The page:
Preventing limescale after installation of any new machine should be discussed with the customer before the first batch of ice ever drops. Informing yourself and your customers about the problems of scale buildup will save you from headaches and emergency calls, and will save them money over time if they invest in proper filtration and regular professional cleanings. Parts affected by scale are often not covered by warranty. When it comes to ice machines and limescale, diligence pays for itself.

–Austin Higgins

Note From Bryan:

Refrigeration Technologies makes an excellent Nickel safe ice machine cleaner that you can find more about HERE

There are several types of Ice Machines but in this article, we will focus on Cuber style and Flaker or Nugget style. Both types produce Ice but the process of freezing and harvesting is a little different. The application in which the Ice will be used will determine what style of machine is needed. I primarily work with Restaurants and Hospitals so my article will be geared in that direction.

Let’s start by simplifying the ice making process, if we take water and circulate it over an evaporator that is below freezing we will at some point start to freeze that water, once our Ice has formed we than harvest the ice and start our process again. That’s about as simple as it gets

The steps to make Ice seem simple take water and freeze it, but It’s not that simple. Making Ice cubes is actually a pretty complicated process, with several critical steps that must be met for the process to work correctly. The first step starts with properly cleaning the water that will be made into the ice to remove any impurities, water itself naturally contains minerals and those minerals are an Ice Machines worst enemy. The minerals lead to calcium buildup which causes issues with the ice machine. A quality ice machine install will have a high-quality water filter system installed that was sized properly and has the appropriate filters inside that are chosen after a water quality test has been performed. Once we have properly filtered water we bring the water into a reservoir inside the machine and the water waits until the machine is ready to make Ice.

Among all the ice machine manufacturers there are several methods that the machine will tell itself that the ice storage bin is low on Ice and to turn on, the most common methods are a thermostat and or some sort of mechanical control that is actuated by ice buildup, subsequently telling the machine that the ice is low and it’s time to turn on.

Cuber style ice machines

Assuming the machine is ready to turn on, most brands of ice machines will start in a pre-chill, which means we cool the evaporator with no water running over it, this is done to try and prevent slush from forming. Than by means of a water pump the machine will start to circulate the water over the evaporator, and that water will continually run over the evaporator and down into the sump than it will be pumped over the evaporator again, each time it passes over the evaporator the water will get colder and colder and eventually a little bit of the water will start to freeze to the evaporator plate, this process will continue over and over again until the ice is the proper thickness. The thickness can be determined by many methods including a thickness sensor, water level monitoring, and or a timer. Once it’s time to harvest the ice the most popular method is to introduce hot refrigerant from the discharge of the compressor into the evaporator and subsequently melt the ice off the evaporator from the inside out while running a little bit of water over the cubes to assist dropping the cubes off the evaporator. The harvest cycle is usually terminated by a timer that is in the circuit board. Each manufacturer has their own unique way of making and harvesting the ice. With all cuber style ice machines the harvest cycle is very dependent on maintaining an adequate high side pressure as their defrost depends entirely on it. When the machine is self contained and located indoors its not too hard to maintain the proper head pressure because the building will likely be conditioned, however on remote systems where the condenser is located outside we utilize head pressure control valves (headmasters) to back up the refrigerant in the condenser to reduce the condensing capacity of the condenser and subsequently raise the head pressure.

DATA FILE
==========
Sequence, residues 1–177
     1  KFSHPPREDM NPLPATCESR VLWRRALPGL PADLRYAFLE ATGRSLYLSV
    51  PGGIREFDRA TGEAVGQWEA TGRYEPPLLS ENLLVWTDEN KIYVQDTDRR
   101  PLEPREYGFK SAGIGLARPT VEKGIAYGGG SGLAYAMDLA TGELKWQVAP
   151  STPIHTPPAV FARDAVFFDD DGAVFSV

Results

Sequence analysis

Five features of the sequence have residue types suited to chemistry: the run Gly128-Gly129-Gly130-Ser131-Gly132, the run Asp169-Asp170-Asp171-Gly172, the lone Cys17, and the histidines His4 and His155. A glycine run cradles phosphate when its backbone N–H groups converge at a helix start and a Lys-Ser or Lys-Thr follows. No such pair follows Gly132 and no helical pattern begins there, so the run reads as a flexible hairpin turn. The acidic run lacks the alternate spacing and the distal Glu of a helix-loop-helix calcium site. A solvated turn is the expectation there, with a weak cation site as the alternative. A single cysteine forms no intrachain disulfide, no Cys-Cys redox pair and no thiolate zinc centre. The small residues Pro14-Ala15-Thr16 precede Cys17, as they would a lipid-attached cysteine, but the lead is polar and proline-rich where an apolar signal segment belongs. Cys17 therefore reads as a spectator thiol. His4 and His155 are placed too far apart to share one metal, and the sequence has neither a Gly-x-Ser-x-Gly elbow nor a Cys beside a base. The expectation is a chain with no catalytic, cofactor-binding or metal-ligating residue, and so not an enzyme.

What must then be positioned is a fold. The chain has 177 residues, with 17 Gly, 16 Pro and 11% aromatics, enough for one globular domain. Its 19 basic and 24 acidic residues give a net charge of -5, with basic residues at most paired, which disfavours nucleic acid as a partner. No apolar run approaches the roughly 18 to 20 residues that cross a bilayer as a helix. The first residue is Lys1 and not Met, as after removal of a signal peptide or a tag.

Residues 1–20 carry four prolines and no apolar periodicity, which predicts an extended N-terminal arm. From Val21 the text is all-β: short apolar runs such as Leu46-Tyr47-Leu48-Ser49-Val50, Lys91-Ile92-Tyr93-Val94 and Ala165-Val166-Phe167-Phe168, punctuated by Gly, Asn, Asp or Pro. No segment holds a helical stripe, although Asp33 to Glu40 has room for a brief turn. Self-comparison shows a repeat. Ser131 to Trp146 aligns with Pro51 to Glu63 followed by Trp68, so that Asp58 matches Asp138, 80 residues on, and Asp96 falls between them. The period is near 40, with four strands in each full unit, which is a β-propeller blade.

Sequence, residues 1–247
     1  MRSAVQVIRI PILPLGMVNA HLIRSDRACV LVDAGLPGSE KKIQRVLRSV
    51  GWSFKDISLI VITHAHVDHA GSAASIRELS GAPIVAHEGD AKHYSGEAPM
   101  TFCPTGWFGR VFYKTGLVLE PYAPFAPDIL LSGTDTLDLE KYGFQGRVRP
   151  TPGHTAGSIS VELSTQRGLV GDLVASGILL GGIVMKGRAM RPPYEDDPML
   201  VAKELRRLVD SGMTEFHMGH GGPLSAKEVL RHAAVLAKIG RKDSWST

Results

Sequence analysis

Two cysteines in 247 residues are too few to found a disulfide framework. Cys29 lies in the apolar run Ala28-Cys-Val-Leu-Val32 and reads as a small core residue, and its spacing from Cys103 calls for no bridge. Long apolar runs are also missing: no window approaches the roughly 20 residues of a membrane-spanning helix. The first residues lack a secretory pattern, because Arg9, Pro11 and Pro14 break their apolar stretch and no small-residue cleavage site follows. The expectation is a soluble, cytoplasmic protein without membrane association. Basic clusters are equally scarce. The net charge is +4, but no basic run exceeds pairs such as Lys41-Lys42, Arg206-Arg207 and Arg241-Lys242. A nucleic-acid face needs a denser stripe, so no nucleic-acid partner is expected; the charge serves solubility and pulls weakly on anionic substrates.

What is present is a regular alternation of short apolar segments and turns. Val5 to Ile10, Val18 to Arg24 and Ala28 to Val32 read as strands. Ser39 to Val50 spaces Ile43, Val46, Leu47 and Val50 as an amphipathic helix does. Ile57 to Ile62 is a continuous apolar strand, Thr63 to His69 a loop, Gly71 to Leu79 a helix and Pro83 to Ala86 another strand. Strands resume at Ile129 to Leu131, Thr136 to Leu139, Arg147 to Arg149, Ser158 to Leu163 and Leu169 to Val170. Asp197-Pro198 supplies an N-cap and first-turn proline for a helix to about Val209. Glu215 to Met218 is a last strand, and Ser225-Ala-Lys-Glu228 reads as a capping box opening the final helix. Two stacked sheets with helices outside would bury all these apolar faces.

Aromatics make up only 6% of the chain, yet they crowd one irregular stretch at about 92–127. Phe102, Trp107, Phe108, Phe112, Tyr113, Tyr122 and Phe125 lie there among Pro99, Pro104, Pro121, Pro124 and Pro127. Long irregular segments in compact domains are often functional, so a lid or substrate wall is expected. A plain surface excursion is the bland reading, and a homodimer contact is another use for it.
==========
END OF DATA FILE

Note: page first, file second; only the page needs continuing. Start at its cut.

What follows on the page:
Flaker or Nugget style Ice machines

These machines have a unique way of making ice they utilize a round cylinder evaporator that has an auger inside of it that is turned by a high torque gear motor. The auger sits directly In the center of the evaporator with less than 1/16th of an inch clearance on either side and the auger is always spinning it has the shape of a corkscrew. The machine will have a water reservoir that supplies water to the evaporator whenever it gets low. The machine will start to freeze the water and as it becomes ice the continually turning auger will force the ice up to the top of the evaporator and out of a nozzle that will shape the ice into the desired style (Crushed, Flaked, and or Nugget). It is important to notice that with this style of ice machine the harvest cycle happens when the ice gets thick enough for the auger to scrape it off and it both freezes and harvests the ice at the same time.

— Chris Stephens

P.S. – we have a new podcast out on ice machines HERE enjoy